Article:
Home Gastrointestinal Efficacy and Adverse Effects of Self-Expandable Metal Stent Placement

Efficacy and Adverse Effects of Self-Expandable Metal Stent Placement

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Chi-Huan Wu, Mu-Hsien Lee, Yung-Kuan Tsou, Wei Teng, Cheng-Hui Lin, Kai-Feng Sung, Nai-Jen Liu

Department of Gastroenterology and Hepatology, Linkou Chang Gung Memorial Hospital, Taoyuan, Taiwan

Correspondence: Nai-Jen Liu
Department of Gastroenterology and Hepatology, Linkou Chang Gung Memorial Hospital, Taoyuan, Taiwan
Tel +886-3-3281200 Ext 8108
Fax +886-3-3272236
Email [email protected]

Purpose: Self-expandable metal stents are used for malignant duodenal obstruction. Outcomes between stents placed above and below the papilla of Vater differ, and no study has investigated these differences. We evaluated the efficacy and adverse events of stent placement in these two locations and reported our experience with self-expandable metal stent placement in patients.
Patients and Methods: We retrospectively analyzed the data of patients with unresectable metastatic cancers (n = 101), who underwent successful duodenal self-expandable metal stent placement between 2008 and 2018. Patients were divided into above and below the papilla of Vater groups. Patient demographics, technical and clinical outcomes, post-procedural morbidity, and stent patency were analyzed.
Results: Overall, 71 and 30 patients had intestinal obstruction above (including the papilla itself) and below the papilla of Vater and underwent successful stenting. Common bile duct obstruction was more common in the above-papilla group. Procedure time was similar between the groups, if an appropriate endoscope could facilitate stent placement in the below-papilla group. Both groups achieved symptomatic relief. Median stent patency duration was not significantly different between the groups; three patients had severe gastrointestinal bleeding due to postoperative vascular-enteric fistula.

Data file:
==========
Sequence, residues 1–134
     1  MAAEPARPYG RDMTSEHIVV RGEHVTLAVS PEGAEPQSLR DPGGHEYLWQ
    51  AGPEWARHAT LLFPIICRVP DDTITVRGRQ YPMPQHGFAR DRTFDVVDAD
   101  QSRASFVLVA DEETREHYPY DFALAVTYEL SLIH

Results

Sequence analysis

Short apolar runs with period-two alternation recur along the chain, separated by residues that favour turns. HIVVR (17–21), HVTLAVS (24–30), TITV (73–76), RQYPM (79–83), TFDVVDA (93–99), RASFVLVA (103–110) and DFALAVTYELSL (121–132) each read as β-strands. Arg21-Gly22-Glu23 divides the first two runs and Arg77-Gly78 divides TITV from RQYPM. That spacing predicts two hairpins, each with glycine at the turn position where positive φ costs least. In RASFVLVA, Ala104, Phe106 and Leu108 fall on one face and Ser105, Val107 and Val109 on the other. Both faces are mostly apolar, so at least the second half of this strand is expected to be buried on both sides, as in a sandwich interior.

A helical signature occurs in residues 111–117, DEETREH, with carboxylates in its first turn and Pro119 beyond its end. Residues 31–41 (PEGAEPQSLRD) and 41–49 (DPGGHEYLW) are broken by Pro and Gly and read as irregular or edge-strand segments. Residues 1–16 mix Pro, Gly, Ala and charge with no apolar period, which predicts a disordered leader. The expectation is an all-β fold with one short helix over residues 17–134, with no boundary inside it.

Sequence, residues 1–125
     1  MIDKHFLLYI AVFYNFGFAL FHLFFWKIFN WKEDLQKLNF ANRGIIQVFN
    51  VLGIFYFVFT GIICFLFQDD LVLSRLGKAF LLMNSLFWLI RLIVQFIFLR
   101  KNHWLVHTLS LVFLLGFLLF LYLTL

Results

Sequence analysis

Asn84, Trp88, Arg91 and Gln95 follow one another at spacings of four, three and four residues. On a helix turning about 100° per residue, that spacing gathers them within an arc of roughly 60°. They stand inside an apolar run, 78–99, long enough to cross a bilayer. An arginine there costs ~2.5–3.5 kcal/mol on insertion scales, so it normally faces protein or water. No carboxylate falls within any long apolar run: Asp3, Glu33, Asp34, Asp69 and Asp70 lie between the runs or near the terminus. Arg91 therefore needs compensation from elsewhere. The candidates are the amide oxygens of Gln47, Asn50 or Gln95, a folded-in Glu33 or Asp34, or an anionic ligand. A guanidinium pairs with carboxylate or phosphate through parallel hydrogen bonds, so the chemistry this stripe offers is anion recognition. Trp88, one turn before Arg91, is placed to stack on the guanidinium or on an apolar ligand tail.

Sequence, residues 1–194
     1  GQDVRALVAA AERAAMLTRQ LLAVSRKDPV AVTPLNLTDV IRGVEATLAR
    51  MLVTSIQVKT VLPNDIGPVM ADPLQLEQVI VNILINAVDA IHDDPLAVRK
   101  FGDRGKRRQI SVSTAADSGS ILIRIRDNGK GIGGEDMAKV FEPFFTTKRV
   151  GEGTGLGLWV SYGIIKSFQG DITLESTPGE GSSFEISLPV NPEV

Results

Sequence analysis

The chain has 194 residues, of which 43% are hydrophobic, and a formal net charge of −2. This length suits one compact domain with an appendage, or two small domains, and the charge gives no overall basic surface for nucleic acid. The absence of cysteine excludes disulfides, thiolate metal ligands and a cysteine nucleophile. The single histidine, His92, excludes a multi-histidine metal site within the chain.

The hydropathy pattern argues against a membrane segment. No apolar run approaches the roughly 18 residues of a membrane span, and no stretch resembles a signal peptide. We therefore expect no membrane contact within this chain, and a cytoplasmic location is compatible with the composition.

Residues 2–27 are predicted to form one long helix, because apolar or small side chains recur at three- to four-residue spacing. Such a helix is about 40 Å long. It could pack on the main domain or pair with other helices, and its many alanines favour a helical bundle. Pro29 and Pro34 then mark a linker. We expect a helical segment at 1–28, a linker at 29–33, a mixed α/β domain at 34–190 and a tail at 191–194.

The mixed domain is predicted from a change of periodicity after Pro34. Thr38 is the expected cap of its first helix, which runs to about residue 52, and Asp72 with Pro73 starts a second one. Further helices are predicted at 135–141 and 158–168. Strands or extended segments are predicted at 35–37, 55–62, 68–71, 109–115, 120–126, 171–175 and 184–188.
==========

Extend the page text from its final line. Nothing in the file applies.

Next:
Conclusion: Self-expandable metal stents can effectively relieve symptoms of duodenal obstructions located above and below the papilla of Vater. Duodenoscopes could facilitate stent placement if the obstruction is located below the papilla of Vater; if gastrointestinal bleeding occurs postoperatively, the possibility of vascular-enteric fistula formation should be considered.

Keywords: enteric fistula, intestinal stricture, intestinal malignancy, bile duct obstruction, duodenoscope, gastrointestinal bleeding


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